Above all, we need to safeguard the heritage and peace of Jerusalem, a holy city to billions of people around the world. The Hashemite Custodianship of Islamic and Christian holy sites in Jerusalem is a duty that Jordan is proud to carry, and we will counter any attempts to change the holy city’s historic Arab Christian and Muslim identity.

But Jerusalem’s future is not Jordan’s concern alone; it is yours. There are global implications when religious worship is threatened and international law is undermined.

My friends, Collective action is also vital when it comes to resolving other conflicts and crises that threaten our world. Jordan will continue to support all multilateral efforts to help Syria achieve a political solution, based on the Geneva process, and UN Security Council Resolution 2254, to safeguard the country’s unity, sovereignty and territorial integrity, and create the conditions for stability and rebuilding.

An effective global response to terror also requires continued collective action. Let’s be clear about it: for all our victories, the fight against these outlaws, the khawarej of Islam, is not over. Winning the war demands a longterm, holistic approach, one that pairs security measures with strong initiatives that support inclusion and hope. Online and offline, we must counter all—I say all—ideologies of hatred, including Islamophobia. Jordanians have led efforts to unite the world in mutual respect and understanding.

Finally, we must also strengthen our collective response to the global refugee crisis. As many of you know, Jordan has carried a massive, disproportionate burden as a refugee host. Our people have opened their homes, schools, public services, hospitals. We have shared our country’s scarce resources, our food and energy, our precious water. The crisis has held back economic growth and job creation, jobs urgently needed by our young people, more than 60percent of our population.

Jordanians have borne this refugee burden in full accord with our country’s long humanitarian traditions, but we know, and the world knows, that this crisis is a global responsibility. The sacrifices we and other host countries make every day can only continue if donor nations hold up their side of the partnership. That means continued, multi-track efforts in development support and humanitarian assistance; efforts which not only prepare refugees to return home and rebuild their countries, but also give hope to the people of host countries, who have sacrificed so much.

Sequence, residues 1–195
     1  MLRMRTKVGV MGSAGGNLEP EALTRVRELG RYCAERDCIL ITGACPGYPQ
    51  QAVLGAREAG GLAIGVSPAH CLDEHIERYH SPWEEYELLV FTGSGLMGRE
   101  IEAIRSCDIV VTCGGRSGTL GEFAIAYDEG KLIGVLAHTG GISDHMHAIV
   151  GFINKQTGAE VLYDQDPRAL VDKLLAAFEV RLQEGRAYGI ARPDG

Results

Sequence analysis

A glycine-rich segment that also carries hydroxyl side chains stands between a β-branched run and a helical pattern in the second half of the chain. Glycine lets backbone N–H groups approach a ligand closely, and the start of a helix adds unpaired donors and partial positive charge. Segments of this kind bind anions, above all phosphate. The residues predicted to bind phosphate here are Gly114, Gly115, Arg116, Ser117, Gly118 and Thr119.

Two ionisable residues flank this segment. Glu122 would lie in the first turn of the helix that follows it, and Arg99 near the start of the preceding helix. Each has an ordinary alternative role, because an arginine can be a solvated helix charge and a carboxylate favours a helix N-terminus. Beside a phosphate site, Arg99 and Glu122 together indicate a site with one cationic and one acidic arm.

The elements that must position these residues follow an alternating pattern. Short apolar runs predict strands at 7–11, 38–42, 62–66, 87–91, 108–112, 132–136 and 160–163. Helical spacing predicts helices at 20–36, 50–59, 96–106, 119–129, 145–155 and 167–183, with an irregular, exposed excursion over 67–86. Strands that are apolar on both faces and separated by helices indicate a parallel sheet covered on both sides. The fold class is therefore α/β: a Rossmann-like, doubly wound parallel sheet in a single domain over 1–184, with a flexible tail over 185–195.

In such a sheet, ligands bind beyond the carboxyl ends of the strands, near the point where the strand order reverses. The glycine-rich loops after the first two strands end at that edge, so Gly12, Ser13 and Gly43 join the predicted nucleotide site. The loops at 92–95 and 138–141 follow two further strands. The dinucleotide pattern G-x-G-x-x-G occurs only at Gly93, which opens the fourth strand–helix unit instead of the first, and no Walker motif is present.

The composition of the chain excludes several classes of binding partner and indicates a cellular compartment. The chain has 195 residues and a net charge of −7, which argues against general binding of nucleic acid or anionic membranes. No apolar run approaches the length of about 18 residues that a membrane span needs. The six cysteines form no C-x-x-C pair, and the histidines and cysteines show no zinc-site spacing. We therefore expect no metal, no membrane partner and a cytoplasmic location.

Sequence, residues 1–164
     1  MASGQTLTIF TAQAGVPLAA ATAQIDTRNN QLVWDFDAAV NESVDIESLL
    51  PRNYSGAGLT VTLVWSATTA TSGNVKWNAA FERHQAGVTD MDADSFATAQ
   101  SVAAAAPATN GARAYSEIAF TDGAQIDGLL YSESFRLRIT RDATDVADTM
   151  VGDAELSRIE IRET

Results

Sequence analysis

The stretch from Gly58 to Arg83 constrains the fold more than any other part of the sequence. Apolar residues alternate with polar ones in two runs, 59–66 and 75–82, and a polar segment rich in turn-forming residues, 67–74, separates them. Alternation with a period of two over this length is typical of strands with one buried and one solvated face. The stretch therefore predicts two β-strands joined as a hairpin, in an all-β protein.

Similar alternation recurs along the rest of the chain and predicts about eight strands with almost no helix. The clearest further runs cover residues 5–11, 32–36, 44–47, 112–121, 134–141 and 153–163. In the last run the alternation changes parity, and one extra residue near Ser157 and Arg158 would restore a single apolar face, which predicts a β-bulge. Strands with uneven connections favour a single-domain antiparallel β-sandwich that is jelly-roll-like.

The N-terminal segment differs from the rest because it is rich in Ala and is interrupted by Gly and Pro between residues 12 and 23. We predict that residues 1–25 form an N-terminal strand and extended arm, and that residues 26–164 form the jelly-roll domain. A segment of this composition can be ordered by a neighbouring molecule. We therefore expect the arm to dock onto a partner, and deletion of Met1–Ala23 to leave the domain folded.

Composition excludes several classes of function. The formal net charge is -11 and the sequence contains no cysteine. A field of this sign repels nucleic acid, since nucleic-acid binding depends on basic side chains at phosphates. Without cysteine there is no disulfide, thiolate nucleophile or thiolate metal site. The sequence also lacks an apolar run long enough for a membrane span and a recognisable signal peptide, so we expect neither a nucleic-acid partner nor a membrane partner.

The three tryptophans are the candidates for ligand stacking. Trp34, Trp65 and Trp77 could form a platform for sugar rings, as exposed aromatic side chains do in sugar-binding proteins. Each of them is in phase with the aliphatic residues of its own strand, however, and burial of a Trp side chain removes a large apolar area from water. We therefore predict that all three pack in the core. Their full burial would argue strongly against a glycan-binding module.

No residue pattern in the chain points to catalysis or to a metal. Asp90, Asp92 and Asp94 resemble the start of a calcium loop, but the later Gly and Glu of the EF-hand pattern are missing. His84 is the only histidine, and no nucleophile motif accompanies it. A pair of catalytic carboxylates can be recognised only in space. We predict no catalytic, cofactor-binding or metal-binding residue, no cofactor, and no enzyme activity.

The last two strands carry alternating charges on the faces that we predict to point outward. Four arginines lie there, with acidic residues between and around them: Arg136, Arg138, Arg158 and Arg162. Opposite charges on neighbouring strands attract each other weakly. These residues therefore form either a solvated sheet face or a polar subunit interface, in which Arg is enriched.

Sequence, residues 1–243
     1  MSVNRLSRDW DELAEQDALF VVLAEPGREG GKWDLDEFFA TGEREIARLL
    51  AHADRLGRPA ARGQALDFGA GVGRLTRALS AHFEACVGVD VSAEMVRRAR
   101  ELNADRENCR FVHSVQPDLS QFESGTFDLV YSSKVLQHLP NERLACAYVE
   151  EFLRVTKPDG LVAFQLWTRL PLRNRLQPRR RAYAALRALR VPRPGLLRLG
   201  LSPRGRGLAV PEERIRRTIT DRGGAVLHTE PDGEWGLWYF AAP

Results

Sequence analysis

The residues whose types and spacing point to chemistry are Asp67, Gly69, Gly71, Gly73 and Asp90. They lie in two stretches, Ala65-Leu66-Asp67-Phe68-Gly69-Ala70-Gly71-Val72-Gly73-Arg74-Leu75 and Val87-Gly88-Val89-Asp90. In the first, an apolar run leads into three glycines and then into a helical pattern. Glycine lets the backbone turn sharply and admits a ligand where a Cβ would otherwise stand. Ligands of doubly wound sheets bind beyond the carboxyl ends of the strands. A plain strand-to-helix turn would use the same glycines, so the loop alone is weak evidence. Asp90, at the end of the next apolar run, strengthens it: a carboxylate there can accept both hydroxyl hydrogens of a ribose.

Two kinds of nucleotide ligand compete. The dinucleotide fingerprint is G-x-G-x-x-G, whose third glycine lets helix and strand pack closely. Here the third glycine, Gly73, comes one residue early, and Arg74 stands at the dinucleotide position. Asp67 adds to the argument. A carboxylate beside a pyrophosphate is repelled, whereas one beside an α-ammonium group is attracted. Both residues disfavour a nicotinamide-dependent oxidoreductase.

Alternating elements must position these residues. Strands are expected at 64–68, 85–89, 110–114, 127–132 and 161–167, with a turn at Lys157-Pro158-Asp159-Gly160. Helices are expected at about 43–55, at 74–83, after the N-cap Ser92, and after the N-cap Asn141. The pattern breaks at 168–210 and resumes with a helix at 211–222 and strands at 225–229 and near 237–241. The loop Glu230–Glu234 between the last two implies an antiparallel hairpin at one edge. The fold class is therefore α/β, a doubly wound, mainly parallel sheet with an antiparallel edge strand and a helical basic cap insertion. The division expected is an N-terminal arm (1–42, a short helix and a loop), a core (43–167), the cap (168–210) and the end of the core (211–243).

My friends. The world cannot address the refugee crisis, or any global crisis, unless we work together to support those who are doing the right thing for the future we all share. Peace and prosperity demand constant, collective action. The alternative is to fail our history, and fail our future. Let us choose, instead, to succeed, to give the world’s people, especially young people, confidence in global justice, hope for new opportunity, and international laws and agreements and institutions that everyone can rely on.

Thank you.
King Abdullah

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RAY HANANIA — Columnist

Ray Hanania is an award winning political and humor columnist who analyzes American and Middle East politics, and life in general. He is an author of several books.

"I write about three topics, the Middle East, politics and life in general. I often take my life experiences and offer them in an entertaining way to readers, and I take on the toughest topics like the Israel-Palestine conflict and don't pull any punches about what I feel is fair. But, my priority is always about writing the good story."

Hanania covered Chicago Politics and Chicago City Hall from 1976 through 1992. Hanania began writing in 1975 when he published The Middle Eastern Voice newspaper in Chicago (1975-1977). He later published “The National Arab American Times” newspaper which was distributed through 12,500 Middle East food stores in 48 American States (2004-2007).

Hanania writes weekly columns on Middle East and American Arab issues for the Arab News in Saudi Arabia at www.ArabNews.com, and at www.TheArabDailyNews.com, www.TheDailyHookah.com and at SuburbanChicagoland.com. He has also published weekly columns in the Jerusalem Post newspaper, YNetNews.com, Newsday Newspaper in New York, the Orlando Sentinel Newspapers, and the Arlington Heights Daily Herald.

Palestinian, American Arab and Christian, Hanania’s parents originate from Jerusalem and Bethlehem.

Hanania is the recipient of four (4) Chicago Headline Club “Peter Lisagor Awards” for Column writing. In November 2006, he was named “Best Ethnic American Columnist” by the New American Media. In 2009, Hanania received the prestigious Sigma Delta Chi Award for Writing from the Society of Professional Journalists. He is the recipient of the MT Mehdi Courage in Journalism Award. He was honored for his writing skills with two (2) Chicago Stick-o-Type awards from the Chicago Newspaper Guild. In 1990, Hanania was nominated by the Chicago Sun-Times editors for a Pulitzer Prize for his four-part series on the Palestinian Intifada.

His writings have also been honored by two national Awards from ADC for his writing, and from the National Arab American Journalists Association.